They Might Be Giants had the full support of the executives for their first three albums on Elektra Records (Flood, Apollo 18, and John Henry). But while they were recording Factory Showroom, Elektra's parent company fired all the executives and the replacements didn't care for TMBG. As a result, Factory Showroom received almost no promotion when it was released, and the band asked to be released from their contract shortly after that.
Happened twice to Red House Painters. The band was always at risk of being thrown off of Four AD Records because Mark Kozelek and Ivo Watts had clashing personalities (one of the most notorious in the industry). They were finally thrown off in 1996 over a quarrel over two guitar solos. Then they were picked up by Island Records who, caught in the merging of different labels, decided to drop the band and refuse to release their final album Old Ramon. That album didn't see release until 2001 when Sub Pop records finally picked up.
This happens a great deal with many recording artists who find that, either because of cost-cutting measures or a perception of the general public's lost interest in them by the higher ups, their new releases aren't being promoted, then the albums aren't being distributed properly, then they're cut from their recording contract. EMI Records sent a huge percentage of their talent roster packing in the late 1990s - early 2000s because it was hemorrhaging money at the time, so a lot of artists who before found a lot of support from EMI ended up signing with considerably less supportive record companies, who screwed them over.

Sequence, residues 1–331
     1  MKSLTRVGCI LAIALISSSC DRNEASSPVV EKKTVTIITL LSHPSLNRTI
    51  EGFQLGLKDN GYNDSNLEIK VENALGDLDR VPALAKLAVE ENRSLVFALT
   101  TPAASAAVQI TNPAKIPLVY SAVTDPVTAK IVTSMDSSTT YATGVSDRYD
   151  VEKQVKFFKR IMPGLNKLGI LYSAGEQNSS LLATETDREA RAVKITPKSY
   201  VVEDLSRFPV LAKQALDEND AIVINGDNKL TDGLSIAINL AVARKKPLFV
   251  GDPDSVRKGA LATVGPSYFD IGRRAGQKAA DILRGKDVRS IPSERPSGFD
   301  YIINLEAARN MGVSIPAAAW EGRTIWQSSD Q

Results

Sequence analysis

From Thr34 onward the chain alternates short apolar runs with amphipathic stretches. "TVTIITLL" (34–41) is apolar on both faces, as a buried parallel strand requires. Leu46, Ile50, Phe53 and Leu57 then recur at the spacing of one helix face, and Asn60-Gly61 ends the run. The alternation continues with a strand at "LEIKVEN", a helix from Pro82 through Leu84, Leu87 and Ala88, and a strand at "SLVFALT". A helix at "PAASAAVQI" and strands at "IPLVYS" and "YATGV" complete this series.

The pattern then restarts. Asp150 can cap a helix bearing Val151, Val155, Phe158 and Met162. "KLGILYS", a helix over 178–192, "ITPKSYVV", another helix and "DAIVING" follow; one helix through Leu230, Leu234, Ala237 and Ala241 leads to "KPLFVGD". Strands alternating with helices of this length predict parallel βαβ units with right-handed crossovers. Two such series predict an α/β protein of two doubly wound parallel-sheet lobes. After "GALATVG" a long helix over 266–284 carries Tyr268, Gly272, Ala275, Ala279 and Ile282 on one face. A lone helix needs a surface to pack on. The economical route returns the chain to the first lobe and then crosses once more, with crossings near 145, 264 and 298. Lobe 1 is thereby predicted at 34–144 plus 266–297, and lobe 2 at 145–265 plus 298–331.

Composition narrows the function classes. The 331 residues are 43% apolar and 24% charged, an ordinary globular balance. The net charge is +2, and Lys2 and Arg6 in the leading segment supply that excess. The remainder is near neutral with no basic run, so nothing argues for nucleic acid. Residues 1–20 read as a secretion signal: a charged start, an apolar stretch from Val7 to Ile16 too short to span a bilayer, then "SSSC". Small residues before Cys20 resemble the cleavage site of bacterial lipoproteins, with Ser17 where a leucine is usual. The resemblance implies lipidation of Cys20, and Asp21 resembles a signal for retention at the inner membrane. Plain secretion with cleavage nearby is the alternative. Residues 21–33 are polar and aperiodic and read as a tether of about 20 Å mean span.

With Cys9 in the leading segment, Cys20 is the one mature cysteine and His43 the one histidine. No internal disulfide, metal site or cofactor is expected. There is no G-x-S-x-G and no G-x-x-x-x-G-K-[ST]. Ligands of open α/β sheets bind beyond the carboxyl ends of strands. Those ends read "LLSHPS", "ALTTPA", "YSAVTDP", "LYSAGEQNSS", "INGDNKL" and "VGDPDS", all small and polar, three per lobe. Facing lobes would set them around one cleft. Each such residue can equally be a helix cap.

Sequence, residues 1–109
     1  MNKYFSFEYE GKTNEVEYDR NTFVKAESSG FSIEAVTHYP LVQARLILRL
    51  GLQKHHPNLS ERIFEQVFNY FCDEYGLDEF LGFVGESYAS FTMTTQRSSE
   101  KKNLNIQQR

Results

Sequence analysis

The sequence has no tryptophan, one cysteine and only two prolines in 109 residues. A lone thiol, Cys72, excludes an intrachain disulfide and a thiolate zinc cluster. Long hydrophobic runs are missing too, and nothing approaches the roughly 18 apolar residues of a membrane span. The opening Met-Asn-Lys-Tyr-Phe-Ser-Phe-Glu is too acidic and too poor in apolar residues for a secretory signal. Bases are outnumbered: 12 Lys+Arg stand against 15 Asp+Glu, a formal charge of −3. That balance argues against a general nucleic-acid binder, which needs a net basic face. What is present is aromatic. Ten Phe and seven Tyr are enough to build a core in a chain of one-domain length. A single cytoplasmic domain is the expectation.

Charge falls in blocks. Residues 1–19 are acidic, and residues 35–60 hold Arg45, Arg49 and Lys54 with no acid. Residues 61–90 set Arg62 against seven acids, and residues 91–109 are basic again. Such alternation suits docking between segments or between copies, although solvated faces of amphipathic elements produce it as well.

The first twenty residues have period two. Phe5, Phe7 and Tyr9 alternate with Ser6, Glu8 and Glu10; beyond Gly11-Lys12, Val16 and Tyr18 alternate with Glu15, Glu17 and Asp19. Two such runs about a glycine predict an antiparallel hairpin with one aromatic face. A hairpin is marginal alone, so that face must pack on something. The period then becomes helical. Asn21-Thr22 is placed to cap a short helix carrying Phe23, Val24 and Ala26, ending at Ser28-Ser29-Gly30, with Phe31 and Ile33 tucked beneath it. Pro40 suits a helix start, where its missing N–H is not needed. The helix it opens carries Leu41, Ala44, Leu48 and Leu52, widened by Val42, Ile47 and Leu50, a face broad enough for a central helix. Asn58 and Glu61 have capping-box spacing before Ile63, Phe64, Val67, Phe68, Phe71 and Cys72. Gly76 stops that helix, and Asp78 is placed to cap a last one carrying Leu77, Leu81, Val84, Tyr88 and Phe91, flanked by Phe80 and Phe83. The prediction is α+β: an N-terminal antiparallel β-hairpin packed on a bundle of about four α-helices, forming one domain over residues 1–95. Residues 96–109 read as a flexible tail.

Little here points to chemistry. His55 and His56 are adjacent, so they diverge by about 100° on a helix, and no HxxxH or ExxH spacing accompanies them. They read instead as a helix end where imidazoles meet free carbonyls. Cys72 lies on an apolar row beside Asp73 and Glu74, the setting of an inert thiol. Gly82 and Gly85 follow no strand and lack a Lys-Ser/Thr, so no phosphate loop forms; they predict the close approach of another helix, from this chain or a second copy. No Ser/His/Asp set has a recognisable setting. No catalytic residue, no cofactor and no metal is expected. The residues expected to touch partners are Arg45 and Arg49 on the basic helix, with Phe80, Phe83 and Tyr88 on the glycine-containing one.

One of the most notorious and tragic musical examples was Big Star. They might have actually been big stars if their albums hadn't been distributed by the crumbling Stax label.
After Splashdown's EP Redshift rapidly sold out, the band made a new album called Blueshift. For reasons that remain mysterious, Capitol Records refused to release the album, but also retained copyright so that Splashdown could not release the album with another record company. Years later, the only way to hear those songs is through illegal downloading thanks to an internal leak. Splashdown split up due to fears that Capitol Records would retain copyright of any of their future songs.